Canada Faced with the call for a boycott of Ankara, France supported by its European neighbors
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Turkish President Recep Tayyip Erdogan on Monday called on his compatriots to boycott French products while Paris garnered diplomatic support from Germany and the Netherlands in the war of words that has opposed it since this week -end in Ankara.
Tension continues to mount between France and Turkey after Ankara's call on Monday October 26 forFrench products following measures put in place in France to fight Islamism. This escalation comes after German and Dutch diplomatic support for French President Emmanuel Macron, treated between the lines of mental patient by the Turkish leader.
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"Just as in France some say 'do not buy Turkish brands', I am addressing my nation from here: above all, do not pay attention to French brands, do not buy them", declared the Turkish president,, during a speech in Ankara.
"A lynching campaign similar to that against European Jews before WWII is being waged against Muslims," he added, accusing some European leaders of "fascism" and " Nazism".
This Turkish boycott call comes in a context marked by the mobilization of Muslims in, in response to Paris' declared desire to support the publication of caricatures of the prophet Muhammad in the name of freedom of expression.
Erdogan estimated that his French counterpart should undergo "mental health examinations", which led.
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Emmanuel Macron has since reiterated that France would continue to defend the cartoons of the Prophet Muhammad, a promise made during the national tribute to Professor Samuel Paty, a professor beheaded in an Islamist attack for showing these drawings in class.
The words of the French president have sparked a flood of criticism in the Muslim world, from political and religious leaders, elected officials but also ordinary citizens on social networks and have provoked demonstrations and calls to boycott French products.
Emmanuel Macron, however, recorded a series of support in Europe, including that of German Chancellor Angela Merkel, who condemned "defamatory" remarks against him.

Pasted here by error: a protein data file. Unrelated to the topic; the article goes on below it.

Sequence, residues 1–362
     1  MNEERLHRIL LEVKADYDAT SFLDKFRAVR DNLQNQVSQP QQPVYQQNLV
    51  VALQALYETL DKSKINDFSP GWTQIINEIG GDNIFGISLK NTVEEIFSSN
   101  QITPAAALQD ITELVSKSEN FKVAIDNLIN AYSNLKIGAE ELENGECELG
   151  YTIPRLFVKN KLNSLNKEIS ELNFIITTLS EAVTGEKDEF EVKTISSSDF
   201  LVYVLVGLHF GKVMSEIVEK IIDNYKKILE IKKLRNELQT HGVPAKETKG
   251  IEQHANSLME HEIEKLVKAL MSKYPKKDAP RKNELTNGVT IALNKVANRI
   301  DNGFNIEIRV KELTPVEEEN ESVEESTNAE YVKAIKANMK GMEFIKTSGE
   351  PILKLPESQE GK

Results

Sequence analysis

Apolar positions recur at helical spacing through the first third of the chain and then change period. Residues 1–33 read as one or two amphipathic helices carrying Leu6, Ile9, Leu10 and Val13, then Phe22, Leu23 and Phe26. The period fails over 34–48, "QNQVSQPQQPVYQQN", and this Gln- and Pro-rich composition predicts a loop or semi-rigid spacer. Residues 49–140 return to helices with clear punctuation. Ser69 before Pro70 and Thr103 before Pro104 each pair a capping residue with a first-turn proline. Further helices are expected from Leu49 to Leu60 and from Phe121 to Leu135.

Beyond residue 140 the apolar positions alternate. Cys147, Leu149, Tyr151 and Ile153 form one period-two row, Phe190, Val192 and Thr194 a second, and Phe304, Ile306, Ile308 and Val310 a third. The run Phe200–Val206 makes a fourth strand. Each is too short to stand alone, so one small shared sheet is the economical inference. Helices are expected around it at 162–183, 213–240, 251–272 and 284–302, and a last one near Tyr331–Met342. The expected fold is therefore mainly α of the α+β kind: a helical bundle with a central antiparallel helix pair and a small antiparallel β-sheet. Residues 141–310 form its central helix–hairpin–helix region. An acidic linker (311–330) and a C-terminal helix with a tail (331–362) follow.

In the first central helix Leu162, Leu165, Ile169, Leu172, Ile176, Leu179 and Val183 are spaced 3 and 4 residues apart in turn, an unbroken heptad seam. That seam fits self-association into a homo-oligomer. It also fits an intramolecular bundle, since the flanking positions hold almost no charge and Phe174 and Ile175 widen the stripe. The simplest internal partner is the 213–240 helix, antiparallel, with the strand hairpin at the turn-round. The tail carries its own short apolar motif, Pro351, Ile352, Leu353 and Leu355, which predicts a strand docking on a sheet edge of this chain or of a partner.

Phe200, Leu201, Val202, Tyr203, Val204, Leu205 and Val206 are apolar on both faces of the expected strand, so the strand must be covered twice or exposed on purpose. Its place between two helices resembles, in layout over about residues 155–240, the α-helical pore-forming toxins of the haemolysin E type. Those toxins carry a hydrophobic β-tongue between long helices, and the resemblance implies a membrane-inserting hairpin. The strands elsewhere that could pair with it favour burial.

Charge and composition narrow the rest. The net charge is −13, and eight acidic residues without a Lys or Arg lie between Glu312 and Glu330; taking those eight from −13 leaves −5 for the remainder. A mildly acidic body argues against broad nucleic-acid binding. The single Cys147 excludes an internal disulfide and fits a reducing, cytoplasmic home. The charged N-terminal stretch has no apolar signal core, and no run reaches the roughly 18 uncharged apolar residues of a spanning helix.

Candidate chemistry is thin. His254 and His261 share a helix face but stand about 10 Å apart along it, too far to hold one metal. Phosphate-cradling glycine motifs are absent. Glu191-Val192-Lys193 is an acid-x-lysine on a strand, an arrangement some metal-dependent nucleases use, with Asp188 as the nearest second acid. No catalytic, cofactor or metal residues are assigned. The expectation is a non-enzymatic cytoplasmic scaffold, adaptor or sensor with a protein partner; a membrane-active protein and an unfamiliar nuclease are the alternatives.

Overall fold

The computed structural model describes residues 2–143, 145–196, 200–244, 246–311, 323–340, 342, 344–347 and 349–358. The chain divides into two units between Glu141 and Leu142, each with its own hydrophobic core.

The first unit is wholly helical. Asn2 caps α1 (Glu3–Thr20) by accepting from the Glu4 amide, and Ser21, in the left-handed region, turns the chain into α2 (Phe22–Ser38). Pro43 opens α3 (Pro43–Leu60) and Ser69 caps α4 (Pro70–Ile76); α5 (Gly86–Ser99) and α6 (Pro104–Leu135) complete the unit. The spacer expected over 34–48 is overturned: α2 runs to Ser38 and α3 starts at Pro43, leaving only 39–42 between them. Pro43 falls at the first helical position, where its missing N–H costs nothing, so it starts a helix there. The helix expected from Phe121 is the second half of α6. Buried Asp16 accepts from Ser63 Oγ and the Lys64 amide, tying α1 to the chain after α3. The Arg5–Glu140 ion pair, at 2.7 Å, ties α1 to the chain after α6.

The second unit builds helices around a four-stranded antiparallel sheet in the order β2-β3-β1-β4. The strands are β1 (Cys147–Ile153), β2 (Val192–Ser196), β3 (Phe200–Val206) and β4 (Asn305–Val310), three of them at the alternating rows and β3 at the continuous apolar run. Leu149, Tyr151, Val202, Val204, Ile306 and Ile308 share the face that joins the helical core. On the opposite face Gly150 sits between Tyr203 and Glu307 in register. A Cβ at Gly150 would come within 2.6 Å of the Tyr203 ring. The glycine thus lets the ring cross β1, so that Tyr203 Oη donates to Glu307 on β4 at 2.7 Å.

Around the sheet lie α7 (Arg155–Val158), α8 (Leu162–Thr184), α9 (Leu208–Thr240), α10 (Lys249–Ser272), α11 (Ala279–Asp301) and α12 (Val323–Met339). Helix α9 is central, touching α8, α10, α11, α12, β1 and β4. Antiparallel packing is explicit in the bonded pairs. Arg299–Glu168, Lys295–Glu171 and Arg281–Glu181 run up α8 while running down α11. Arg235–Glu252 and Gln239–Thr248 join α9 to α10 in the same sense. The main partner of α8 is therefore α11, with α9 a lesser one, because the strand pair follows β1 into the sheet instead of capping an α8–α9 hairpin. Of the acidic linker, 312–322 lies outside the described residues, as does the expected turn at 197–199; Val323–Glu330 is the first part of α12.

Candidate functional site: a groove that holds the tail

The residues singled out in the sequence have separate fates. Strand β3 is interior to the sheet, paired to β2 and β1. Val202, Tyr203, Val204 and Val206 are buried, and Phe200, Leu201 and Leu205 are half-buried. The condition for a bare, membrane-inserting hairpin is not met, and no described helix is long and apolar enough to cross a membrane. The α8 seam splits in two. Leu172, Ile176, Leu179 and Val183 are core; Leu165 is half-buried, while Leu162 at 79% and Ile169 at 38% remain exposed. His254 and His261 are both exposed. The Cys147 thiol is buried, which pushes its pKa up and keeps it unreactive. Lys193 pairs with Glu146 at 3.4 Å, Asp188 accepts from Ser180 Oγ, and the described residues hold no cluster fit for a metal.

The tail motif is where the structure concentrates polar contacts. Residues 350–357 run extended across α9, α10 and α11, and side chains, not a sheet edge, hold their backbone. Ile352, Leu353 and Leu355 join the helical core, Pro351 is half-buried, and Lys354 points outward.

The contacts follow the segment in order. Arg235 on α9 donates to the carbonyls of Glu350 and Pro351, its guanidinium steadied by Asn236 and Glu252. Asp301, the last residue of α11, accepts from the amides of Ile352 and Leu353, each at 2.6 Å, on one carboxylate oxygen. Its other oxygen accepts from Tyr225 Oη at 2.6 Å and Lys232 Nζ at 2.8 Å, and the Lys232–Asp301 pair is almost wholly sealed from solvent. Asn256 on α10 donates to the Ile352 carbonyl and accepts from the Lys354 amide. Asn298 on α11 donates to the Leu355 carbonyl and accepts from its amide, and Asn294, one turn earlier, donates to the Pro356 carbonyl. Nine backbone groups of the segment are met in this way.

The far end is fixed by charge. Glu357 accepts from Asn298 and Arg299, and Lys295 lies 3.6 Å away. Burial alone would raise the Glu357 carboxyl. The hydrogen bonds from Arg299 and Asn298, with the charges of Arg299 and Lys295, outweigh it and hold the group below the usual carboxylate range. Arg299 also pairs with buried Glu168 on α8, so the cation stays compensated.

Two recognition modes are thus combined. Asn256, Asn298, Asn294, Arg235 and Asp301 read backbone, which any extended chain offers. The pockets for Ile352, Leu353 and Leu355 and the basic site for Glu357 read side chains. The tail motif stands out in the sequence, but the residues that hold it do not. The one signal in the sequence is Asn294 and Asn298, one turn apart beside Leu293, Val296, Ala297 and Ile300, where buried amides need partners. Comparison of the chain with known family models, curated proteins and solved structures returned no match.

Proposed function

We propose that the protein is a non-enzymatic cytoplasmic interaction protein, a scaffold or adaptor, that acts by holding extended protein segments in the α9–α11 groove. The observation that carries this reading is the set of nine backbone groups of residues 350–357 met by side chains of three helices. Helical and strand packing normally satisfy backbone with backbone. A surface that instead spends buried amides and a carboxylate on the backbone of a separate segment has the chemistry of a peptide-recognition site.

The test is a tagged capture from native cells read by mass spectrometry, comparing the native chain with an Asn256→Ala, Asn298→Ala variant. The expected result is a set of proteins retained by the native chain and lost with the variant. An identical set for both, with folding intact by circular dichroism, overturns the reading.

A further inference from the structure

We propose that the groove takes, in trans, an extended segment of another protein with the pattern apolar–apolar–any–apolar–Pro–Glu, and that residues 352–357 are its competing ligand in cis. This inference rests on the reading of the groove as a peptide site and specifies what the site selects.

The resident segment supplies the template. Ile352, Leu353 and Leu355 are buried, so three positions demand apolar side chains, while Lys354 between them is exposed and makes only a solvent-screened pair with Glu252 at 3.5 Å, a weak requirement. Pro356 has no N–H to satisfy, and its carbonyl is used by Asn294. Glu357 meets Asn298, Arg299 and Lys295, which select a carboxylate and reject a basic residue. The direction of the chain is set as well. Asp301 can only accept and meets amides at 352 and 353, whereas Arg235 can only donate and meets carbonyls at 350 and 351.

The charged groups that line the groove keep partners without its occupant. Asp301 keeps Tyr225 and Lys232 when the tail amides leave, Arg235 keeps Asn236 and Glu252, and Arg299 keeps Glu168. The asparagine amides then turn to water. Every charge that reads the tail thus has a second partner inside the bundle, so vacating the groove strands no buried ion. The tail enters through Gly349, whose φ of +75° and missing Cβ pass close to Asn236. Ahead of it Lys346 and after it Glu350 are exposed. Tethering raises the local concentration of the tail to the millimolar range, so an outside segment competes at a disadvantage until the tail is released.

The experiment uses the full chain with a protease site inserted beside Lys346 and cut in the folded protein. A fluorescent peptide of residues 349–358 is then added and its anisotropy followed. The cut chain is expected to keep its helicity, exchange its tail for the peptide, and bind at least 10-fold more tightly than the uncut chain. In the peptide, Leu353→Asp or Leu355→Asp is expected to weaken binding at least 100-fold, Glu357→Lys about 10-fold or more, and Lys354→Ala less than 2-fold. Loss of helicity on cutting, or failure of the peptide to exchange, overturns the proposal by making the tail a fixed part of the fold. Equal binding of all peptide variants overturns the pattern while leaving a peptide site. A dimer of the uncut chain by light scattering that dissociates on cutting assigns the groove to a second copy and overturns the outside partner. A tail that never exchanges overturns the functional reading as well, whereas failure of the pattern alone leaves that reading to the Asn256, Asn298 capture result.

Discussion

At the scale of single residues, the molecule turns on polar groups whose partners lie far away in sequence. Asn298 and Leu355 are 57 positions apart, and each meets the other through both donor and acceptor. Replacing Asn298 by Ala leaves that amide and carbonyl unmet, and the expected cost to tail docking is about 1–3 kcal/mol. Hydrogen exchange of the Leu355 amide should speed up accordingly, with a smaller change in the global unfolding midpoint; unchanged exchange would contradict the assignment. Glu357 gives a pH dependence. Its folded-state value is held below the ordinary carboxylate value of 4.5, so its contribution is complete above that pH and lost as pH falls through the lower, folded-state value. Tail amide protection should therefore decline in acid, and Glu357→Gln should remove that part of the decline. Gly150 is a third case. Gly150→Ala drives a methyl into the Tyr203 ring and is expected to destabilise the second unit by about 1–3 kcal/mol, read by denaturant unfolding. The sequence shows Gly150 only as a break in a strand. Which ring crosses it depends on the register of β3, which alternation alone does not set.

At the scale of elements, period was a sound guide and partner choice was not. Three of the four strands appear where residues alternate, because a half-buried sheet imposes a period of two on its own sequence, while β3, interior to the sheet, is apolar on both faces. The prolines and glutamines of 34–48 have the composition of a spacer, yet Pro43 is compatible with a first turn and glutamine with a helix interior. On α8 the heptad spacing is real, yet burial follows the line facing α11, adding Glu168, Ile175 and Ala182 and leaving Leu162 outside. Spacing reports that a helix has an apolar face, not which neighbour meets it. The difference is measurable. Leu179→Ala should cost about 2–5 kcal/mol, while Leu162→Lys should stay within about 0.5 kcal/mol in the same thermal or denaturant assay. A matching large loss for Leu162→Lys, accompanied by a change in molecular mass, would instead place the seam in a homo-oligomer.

For his part, the Dutch Prime Minister, Mark Rutte, described Mr. Erdogan's remarks as "unacceptable". "The Netherlands resolutely defend alongside France the common values of the EU. For freedom of expression and against extremism and radicalism," he tweeted.
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In Qatar, French products were withdrawn from the shelves of certain supermarkets in Doha on Saturday evening.
On social networks, Jordanians have launched a campaign using the hashtags "#Our Prophet is a red line", or "#France Boycott", and are posting videos of restaurants and supermarkets where French products have been replaced by items from other countries.
Several dozen small French websites have also been affected by a wave of computer hacking consisting in making them post Islamist propaganda messages, AFP noted on Monday.
Agribusiness, luxury goods and cosmetics companies could be particularly affected in the Maghreb and Near and Middle East countries.
In the direction of the Turkish market, 6 billion euros of French goods were exported in 2018, with the transport equipment and chemicals, perfumes and cosmetics sectors in the lead.
The boss of French bosses, Geoffroy Roux de Bézieux, earlier today called on companies to "resist blackmail and unfortunately to endure this boycott" and to put their "principles" before business.
The Quai d'Orsay says it has mobilized the French diplomatic network "to remind and explain (to other countries) France's positions in terms of fundamental freedoms and rejection of hatred".
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